Way back in 2000, long before e-commerce became the red-hot topic it is today, Packaging World reported on reflect.com, an upstart company that began selling women’s cosmetics/beauty products not at retail, but—get this—on the Internet!
At that time, the process of ordering products online was not only unusual, but also, in the case of reflect.com, one that allowed the consumer to actually select packaging preferences. The potential disruption from e-commerce was so uncertain that PW’s late Editor and Packaging Hall of Fame inductee Arnie Orloski explained in a follow-up column, “The legend of Jimmi; an ode to cosmetics,” that “some members of the packaging community are right to be concerned about their futures.”
The column ended by saying, “In the future, Jim or ‘Jimmi’ [the fictitious name this editor created in order to create a personal beauty profile and order the packaged products at reflect.com] and other PW editors will continue to explore packaging-related changes that cyber marketers are making, from distribution packaging, labeling, custom packaging to shipping.”
Fast-forward 18 years and e-commerce growth continues to soar, with the prediction that it will account for 15% of all retail sales globally by 2025, according to Smithers Pira’s E-Pack Summit 2018. Financially speaking, that’s a leap from $28 billion to $55 billion by 2025.
Digital health and beauty product shoppers today don’t necessarily get to select their packaging as they did at reflect.com, but one thing made crystal clear in a new study released by Esko is that one-third of e-commerce shoppers return health and beauty products because of the packaging.
The new study, “Packaging and the Digital Shopper: Meeting Expectations in Health & Beauty,” was conducted by Esko, along with sister companies Pantone, X-Rite, and AVT. The study revealed what 3,000 shoppers in North America, Western Europe, and Asia want from health, beauty, and personal care packaging. It follows up on related research called, “Packaging and the Digital Shopper: Meeting Expectations in Food & Beverage,” released in June 2018.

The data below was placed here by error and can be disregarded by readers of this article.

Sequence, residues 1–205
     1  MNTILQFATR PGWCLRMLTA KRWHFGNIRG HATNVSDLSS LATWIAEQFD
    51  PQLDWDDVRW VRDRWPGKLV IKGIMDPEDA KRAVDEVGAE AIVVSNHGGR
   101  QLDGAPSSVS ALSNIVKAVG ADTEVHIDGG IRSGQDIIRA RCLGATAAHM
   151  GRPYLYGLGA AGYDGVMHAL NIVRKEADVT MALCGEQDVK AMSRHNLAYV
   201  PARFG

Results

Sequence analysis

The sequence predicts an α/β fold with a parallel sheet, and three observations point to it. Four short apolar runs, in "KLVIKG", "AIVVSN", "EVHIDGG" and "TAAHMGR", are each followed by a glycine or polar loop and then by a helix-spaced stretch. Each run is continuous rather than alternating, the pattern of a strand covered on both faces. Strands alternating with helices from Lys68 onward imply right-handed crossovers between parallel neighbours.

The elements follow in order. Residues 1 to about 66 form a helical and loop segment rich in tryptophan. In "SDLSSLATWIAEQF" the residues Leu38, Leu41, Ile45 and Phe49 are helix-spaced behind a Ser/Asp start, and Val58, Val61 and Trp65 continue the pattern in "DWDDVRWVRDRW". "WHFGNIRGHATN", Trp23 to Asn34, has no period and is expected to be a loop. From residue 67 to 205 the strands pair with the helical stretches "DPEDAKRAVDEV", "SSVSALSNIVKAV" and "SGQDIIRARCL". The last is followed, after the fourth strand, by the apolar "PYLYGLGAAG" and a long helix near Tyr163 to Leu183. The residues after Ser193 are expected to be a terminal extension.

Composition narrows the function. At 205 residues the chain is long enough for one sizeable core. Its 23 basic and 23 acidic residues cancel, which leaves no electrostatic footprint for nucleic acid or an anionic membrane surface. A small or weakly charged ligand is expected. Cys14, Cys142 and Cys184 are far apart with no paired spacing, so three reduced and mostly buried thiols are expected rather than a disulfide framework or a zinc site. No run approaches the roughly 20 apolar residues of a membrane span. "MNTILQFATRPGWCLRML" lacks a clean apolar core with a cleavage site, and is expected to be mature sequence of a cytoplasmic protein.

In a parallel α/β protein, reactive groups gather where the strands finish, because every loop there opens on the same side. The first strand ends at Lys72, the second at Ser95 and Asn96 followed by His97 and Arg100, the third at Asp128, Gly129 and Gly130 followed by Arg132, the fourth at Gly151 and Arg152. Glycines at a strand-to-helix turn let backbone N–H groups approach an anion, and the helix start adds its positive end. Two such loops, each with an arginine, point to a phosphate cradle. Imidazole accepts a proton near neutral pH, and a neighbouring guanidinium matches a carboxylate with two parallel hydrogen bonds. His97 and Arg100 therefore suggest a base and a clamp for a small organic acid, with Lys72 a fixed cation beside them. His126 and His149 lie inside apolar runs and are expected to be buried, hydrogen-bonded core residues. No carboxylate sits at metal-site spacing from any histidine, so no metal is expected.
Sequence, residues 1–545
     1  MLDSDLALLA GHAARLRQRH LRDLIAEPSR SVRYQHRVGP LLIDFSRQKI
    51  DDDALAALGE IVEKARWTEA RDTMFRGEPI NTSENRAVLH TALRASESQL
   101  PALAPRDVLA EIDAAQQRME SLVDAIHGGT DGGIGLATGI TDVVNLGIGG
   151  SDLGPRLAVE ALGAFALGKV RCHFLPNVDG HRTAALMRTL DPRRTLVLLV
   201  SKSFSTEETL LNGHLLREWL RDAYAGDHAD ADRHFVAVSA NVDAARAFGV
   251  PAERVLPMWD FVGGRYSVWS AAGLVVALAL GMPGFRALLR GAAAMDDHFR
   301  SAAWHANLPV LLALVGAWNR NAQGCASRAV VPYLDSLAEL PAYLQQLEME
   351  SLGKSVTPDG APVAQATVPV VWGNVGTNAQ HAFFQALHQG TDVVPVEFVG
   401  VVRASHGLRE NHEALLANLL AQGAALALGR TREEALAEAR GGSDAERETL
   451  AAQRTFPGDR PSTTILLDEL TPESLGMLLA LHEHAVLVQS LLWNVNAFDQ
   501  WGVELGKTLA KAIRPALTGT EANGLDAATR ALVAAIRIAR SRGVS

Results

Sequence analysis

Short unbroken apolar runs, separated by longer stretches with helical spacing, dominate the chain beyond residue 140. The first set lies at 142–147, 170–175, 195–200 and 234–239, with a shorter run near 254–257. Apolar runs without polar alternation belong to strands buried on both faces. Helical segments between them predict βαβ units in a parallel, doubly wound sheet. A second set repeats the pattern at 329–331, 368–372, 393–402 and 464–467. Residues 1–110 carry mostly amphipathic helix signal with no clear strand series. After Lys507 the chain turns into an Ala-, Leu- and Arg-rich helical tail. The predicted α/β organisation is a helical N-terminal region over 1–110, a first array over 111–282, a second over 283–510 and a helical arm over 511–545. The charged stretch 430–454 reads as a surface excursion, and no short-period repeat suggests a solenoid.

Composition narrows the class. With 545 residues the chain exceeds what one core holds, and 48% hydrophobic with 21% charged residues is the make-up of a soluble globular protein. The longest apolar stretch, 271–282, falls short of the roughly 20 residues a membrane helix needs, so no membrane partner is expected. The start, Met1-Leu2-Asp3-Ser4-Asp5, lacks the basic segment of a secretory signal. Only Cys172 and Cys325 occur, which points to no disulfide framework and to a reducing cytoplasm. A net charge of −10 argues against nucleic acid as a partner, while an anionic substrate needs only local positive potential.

Statistics from the study include the following:
• 63% of shoppers foresee purchasing more health, beauty, and personal care products online in the next 18 months
• 14% of online shoppers returned health and beauty products because of miscommunications in online appearance versus what was delivered to their home
• 28% of shoppers agreed that they had purchased a new product because they enjoyed the packaging in the prior three months
• 63% of shoppers say they are highly likely to purchase health and beauty products that are personalized for their skin/body type
The latter point indicates that brand leaders need to start considering how to personalize functional product attributes and improve that experience for shoppers, including the product instructions. Personalization to the shopper will be less about applying his or her name on the product, and more about product customization.
“The data and insights on shopper’s packaging preferences, specifically within personalization, explain why it has become imperative to utilize digital packaging technology tools to increase speed to market and improve overall packaging and product quality,” says John Elworthy, Esko’s Senior Director of Global Brand Sales.
Download the study here.